Our current research activities focus on the following areas:
This newly emerging research field was co-founded by researchers working at or being affiliated with EURIBEB. At the intersection of molecular genetics and microeconomics, research in this field aims at three goals: First, to identify specific genetic factors that are responsible for the observed heritability of many economic preferences and outcomes. Second, to identify the many ways in which individual behavior and social institutions moderate or amplify genetic differences. And third, incorporating genetics into economic analysis to help economists identify and measure important causal pathways (which may or may not be genetic). Our research in this field has until now focused on educational attainment, subjective well-being, and self-employment.
Studying the role of genetic factors in determining health and disease, and the interplay of such genetic factors with environmental factors, genetic epidemiology can integrate insights from economics and genoeconomics to better understand causal pathways leading to health outcomes. Until now, our research within EURIBEB has focused on cognitive ability among children, cognitive health among elderly, and possible health implications of self-employment.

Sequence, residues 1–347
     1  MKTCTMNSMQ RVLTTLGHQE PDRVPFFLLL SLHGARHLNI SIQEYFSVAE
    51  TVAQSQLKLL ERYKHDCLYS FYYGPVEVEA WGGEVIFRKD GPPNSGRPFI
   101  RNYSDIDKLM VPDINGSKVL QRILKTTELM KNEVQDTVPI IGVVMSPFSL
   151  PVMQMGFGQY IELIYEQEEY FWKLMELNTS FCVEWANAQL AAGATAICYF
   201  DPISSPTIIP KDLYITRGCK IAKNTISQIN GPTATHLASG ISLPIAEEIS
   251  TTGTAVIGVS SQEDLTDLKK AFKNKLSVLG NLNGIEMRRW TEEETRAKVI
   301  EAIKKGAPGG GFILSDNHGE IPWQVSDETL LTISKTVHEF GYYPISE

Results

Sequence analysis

Combining methods from neuroscience and behavioral economics, neuroeconomics seeks to understand human decision making. Researchers at EURIBEB employ methods developed in neuroeconomics to further investigate the causal pathways implicated by genetic discovery studies.
Psychological markers and economic behavior
This line of research is entirely new and is inspired by the EURIBEB setup: collaboration between schools of EUR and taking entrepreneurship as the "test" phenotype. It focuses on the relation between psychological markers (i.e., validated psychiatric symptom scores) such as attention deficit and hyperactivity (ADHD) symptoms and economic, non-clinical, behavior like entrepreneurship. Knowledge of this relation could advance the field of occupational choice as well as that of psychology, and physical and mental well-being (happiness). A mismatch between the real occupational choice and the one predicted by a psychological profile may be detrimental to one’s mental and physical well-being (happiness). In this research line, neuroscience techniques such as electroencephalography (EEG) are employed to study their association with these psychological markers. This research line is in a very early stage of development.